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Create a Modern Geometric Table Runner With Our DIY Tutorial
August 22, 2018
credit: Jeran McConnel

A table runner is the perfect accessory when you want to add a little color and pattern to your dining room. And if you own a long table (like mine) that requires a nine foot runner, customizing your own with this DIY is the way to go. But of course, this project works for any size table, too!

I love geometric patterns and shapes, so when I came across some interesting floor tile that combined striped tiles with triangles, I decided to create my own take on this look with fabric. While this could be made in any color combination to complement your home, I chose black and white because I'm a huge fan of this high contrast combo.

credit: Jeran McConnel

I wouldn't call myself a quilter, but I have made quite a few quilts. All my quilts are simple bold shapes, that start without a plan or pattern. I usually just start by making squares and then play around with combinations. The beauty of this simple "quilting" method is that you really don't have to have awesome sewing skills. You just have to be able to cut and sew straight lines, and then iron lots (and lots) of seams open. And, ok, you also need a healthy amount of patience as there are many steps to this tutorial. But trust me, you'll love the final result!

credit: Jeran McConnel Things You'll Need

Rotary fabric cutter, mat, and ruler (get this set and call it a day)

Cotton fabric, 2 colors (one yard of white; four yards of black)

1 ½

yards Pellon Fusible Fleece (one-sided low loft fusible fleece)

Sewing machine



Iron and ironing board

credit: Jeran McConnel Step 1

Start by cutting out all the fabric for the blocks. You will be making two different blocks: one is a black and white triangle, and the other is a single white stripe on a black square. I'll refer to them as a triangle block and a stripe block.

My runner is nine feet long, so I needed three quilt blocks by 20 quilt blocks, which is a total of 60 blocks. I made half of my blocks as triangles and the other half the stripe block.

Using a rotary cutter, mat, and ruler, cut the triangles first: cut 6 ½-by-6 ½-inch squares, and then cut the square diagonally to make triangles.

Now cut the pieces for the stripe blocks. For each block, you will cut a 1-by-6-inch piece of white fabric, and two 3-by-6-inch pieces of black fabric.

credit: Jeran McConnel credit: Jeran McConnel

Tip: The more accurate you are with cutting the pieces and sewing in straight lines, the easier it will be to match up all the lines on the quilt top. So, take your time with these steps.

Step 2

Sew the blocks together. You will put good sides of the fabric together and stitch a ¼-inch seam allowance.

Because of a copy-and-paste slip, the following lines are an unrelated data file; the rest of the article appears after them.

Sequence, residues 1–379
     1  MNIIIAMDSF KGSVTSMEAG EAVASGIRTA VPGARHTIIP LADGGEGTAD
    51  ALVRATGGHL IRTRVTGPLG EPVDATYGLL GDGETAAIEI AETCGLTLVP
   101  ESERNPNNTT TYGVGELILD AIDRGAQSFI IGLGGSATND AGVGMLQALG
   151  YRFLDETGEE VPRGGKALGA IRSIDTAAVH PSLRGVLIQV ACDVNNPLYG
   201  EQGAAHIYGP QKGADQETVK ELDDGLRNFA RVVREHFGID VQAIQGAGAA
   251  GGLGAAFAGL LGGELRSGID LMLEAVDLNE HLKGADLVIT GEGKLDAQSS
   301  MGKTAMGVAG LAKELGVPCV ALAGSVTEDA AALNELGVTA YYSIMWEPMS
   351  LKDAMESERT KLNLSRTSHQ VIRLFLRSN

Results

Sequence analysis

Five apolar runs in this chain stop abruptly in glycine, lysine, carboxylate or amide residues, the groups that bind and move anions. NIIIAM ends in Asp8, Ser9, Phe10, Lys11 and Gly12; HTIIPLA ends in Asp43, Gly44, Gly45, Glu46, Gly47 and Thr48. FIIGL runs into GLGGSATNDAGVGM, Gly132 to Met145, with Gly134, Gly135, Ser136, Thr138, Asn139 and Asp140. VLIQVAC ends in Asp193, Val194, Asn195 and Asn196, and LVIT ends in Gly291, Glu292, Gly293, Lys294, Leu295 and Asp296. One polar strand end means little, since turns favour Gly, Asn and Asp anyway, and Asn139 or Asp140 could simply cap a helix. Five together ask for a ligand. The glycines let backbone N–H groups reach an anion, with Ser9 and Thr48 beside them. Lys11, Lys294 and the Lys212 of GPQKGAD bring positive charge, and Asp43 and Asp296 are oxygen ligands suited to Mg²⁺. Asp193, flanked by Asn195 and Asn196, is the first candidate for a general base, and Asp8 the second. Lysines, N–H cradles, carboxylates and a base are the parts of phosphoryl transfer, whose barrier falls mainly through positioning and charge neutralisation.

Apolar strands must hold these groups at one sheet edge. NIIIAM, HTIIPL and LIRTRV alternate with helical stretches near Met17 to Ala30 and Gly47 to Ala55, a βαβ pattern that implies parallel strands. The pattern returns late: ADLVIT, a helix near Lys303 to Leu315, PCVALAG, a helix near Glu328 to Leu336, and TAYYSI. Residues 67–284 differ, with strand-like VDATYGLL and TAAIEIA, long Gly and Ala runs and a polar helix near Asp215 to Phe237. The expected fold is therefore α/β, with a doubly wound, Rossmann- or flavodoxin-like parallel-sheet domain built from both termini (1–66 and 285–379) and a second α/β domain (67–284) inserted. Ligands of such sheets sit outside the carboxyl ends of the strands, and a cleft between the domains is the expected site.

credit: Jeran McConnel credit: Jeran McConnel Step 3

Open up all the seams and iron them flat.

credit: Jeran McConnel credit: Jeran McConnel Step 4

Trim off all the corners that hang over on the triangle blocks once the seams are ironed flat.

credit: Jeran McConnel Step 5

Trim off all the lose threads and then flip over the blocks and iron them again to make sure all the seams are laying flat and the blocks have no creases.

credit: Jeran McConnel Step 6

Lay out the pattern of your runner on the table or floor. The beauty of this runner is that anything goes! There is not right or wrong way to place these blocks.

credit: Jeran McConnel Step 7

Sew the rows of three blocks together. Again use only a ¼-inch seam allowance.

Step 8

Iron open all the new seams.

credit: Jeran McConnel Step 9

Now begin to sew one row onto the next row. You can pin these together to make sure the corners match up at each block.

credit: Jeran McConnel Step 10

Iron all the seams open AGAIN! Then flip over the quilt top and iron the runner really well so that there aren't any bubbles or lumps or wrinkles.

Step 11

Cut 1-inch strips of black fabric for a quilt border. Cut these down the length of the four yards of fabric so that they don't have to be joined. Sew this border to all sides of the quilt top with good sides together a just a ¼-inch seam allowance.

credit: Jeran McConnel Step 12

Cut the piece of Pellon into two 17-inch wide strips. The batting should be ¼ smaller than the quilt top all the way around. Place the adhesive side against the wrong side of the quilt top.

credit: Jeran McConnel Step 13

Smooth out the quilt top and batting, and then flip them both over and iron the quilt top down for quite awhile, or until the batting begins to adhere to the fabric.

credit: Jeran McConnel Step 14

This is an optional step, but you may want to "stitch in the ditch" on a few of the rows. This is simply stitching down a few of the rows right on the seam. This will keep the Pellon in place even more securely.

Step 15

Cut what's left of the black fabric into two 18-inch wide strips that are 1 ½ yards long each. Sew the two lengths together to make one long piece for the back of the runner. Iron the piece well and then place the good side of the fabric against the good side of the quilt top. Pin in place and stitch all the way around the outside edge with a ¼-inch seam allowance. Sew the layers together in this order: backing on the bottom with good side up, quilted top in the middle with good side down, and batting on top. Leave a 5-inch opening somewhere on one of the sides (not a corner), use this opening to turn the runner right side out.

credit: Jeran McConnel Step 16

With the runner turned right side out, iron out all the edges and pin closed the opening that you left for turning the quilt. Top stitch the opening closed right along the edge of the quilt.

credit: Jeran McConnel credit: Jeran McConnel credit: Jeran McConnel

Now my table will never be naked! It looks smart and pulled together with this fun quilted runner.

credit: Jeran McConnel
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